I hear the thrush every morning,
high on her branch, she hides in ash,
chirps between sycamore and yew. Night
waits quietly, a mother sings dreams,
her tufted belly plumage beating rhythm,
chants the dawn moment.
Morning moves its colour.
She cackles, tones intact,
sings to man and god.
Since you left, yesterday befell years.
Her dark bill leads your voice,
flute-like in phases, po po po.
She rises in spirit song, gurgling ee-o-lay.
Her voice drifts light between echoes,
upside down speckled heart,
black shaped arrows pointing
upwards, your fine thread, swift
fingers crochet, ivory, pink, white.
We rest in your minor keys, your melodic pause
between notes, pulsating heartbeat.
Mother, love is a birdsong.
My garden in winter sleep
is without birds.
A neighbour’s cat has scared
their search for berries, seeds,
that earthy diet of worms.
I wait for a morning song.
Except that is, those who
through the chimney cowl.
They build nests through
obstacles, drop twigs one
by one. ‘For God’s sake’, I say,
‘your home is halfway
down a fluepipe.’
I listen to the twitch
and crackle as the sticks
smoke out my kitchen.
The stealth of it, despite our
best efforts to keep them out.
Already smoked out once
I’m reluctant to sacrifice my heat.
Even so I can’t destroy
neither bird nor nest
for the sake of my hearth.
The Tuam Mother and Baby Home
(dedicated to Catherine Corless)
At once a sound of crying fills the air, the high wails,
And weeping of infant souls, little ones denied
Their share of sweet life, torn from the breast
On life’s very doorstep. A dark day bore them off
And sank them in untimely death. — Seamus Heaney, Aeneid
1961. St Mary’s. Mother. Baby. Home.
We called it The Grove,
where nature offered refuge.
I look with another eye at the photograph,
once cherished: white, purity, such innocence.
This nun tended me for ten days
when my mother was ill.
Does her smile appear hard?
The vow of silence left us mute,
all questions. Did she coerce? Tyrannize?
Or was her love overwhelmed by the poverty
So many daughters dumped in fear.
What I want to know is whether these hands
that once held me have blood on them.
I see a gimp of starched linen
beneath cornet, coif and veil,
that rigid bib. I think of the vows,
the blessings of Bons Secours.
After school, I nursed in that wing
where I and these babies were born.
Girls, there’s a shadow in this place,
I’d say, We have to let the light in!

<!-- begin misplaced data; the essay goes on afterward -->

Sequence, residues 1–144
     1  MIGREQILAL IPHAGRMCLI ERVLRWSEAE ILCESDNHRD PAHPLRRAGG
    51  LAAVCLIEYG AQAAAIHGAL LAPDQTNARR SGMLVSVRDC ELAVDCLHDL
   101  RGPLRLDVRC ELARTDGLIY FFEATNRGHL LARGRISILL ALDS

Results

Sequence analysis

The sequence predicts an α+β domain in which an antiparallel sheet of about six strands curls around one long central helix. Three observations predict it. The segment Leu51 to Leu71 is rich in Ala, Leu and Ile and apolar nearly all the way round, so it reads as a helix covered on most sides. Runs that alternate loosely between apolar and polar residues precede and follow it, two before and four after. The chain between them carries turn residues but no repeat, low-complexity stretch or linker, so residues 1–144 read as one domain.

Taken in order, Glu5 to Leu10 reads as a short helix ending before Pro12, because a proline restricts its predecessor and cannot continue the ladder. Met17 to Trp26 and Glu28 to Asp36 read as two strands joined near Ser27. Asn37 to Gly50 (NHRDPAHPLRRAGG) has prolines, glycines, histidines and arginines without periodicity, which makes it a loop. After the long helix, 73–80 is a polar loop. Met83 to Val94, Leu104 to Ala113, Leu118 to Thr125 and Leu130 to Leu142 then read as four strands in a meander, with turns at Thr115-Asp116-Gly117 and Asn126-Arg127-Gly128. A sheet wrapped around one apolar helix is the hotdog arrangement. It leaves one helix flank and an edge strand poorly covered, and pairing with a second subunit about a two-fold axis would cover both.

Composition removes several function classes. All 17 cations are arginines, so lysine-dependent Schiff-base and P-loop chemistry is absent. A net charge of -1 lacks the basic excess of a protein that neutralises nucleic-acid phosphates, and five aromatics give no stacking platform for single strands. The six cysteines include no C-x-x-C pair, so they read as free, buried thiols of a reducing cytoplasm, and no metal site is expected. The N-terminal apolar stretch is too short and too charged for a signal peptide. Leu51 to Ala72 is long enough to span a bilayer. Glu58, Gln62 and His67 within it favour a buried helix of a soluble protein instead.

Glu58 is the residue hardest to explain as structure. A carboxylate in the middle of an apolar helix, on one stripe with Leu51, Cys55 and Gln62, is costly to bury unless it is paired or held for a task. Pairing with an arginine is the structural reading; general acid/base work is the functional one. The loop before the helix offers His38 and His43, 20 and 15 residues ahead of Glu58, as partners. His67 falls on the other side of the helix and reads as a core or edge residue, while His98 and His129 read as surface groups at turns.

each time the walls enclosed us.
The eerie feeling haunts.
I imagine dark rooms,
But then this lover of history,
Catherine Corless, uncovers
rumoured discards. At first unheard,
she persists –
reveals tiny bones, skeletal bundles
and scattered remains, packed
in a tank.
My womb is silent now.
Looking back, I shared a nursery
with these babies, their shamed mothers
segregated from the like of me.
What if my infant imaginary friends
in babbling conversations, ghosting
themselves into my life, were thrown
into septic reservoirs?
I look again at the picture.
Neither trust nor love is possible.
The arms that held children in God’s name
Once more I glance,
this time behind the nun’s habit,
to a dark door, obscure shadows on the walls.
The baby she holds seems to look away,
gazing out to the world,
her eyes facing the light.
I thought you were God
Your seduction a magnet
in need, love a pimple
needing care. I loved you anyway.
Your ears flapped like an elephant’s,
though much smaller, infantile, stuck-out,
heard what you wished. Still you
that mattered, nuzzled my heart,
your tongue cut, dripping lies I cared
to believe. Your bottom lip, fell
forward, afflicted, herpes and sores.
I understood – not your fault.
Your teeth clenched in rage,
insults, never intended,
that radio voice, cheesy,
unreal, a balm to my soul,
one I didn’t know. Either way
I loved you. Your eyes, cold,
took warmth from my longing,
stared into your gorge, avoided
my own. I admired
I think of your love,
your criticism, rejection, invective,
seduction and charm, the empty
abyss of belief. When you left,
God ceased to exist, grew young.
I became old, replaced, still hear
words, mingled with mine telling me
your truth is a lie.
Attracta Fahy’s professional background is nursing and social care. She works in private practice as an Integrative & Humanistic Psychotherapist and Supervisor. She lives in Galway and has three children.
Attracta completed her MA at Writing NUI Galway in 2017 and participates in Over The Edge poetry workshops. She has always loved reading poetry and recently began to enjoy writing her own. Her poems have been published in Banshee, The Blue Nib, The Lake, Burning House Press, North West Words, and The Galway Review.
Philemelos appeared in North West Words.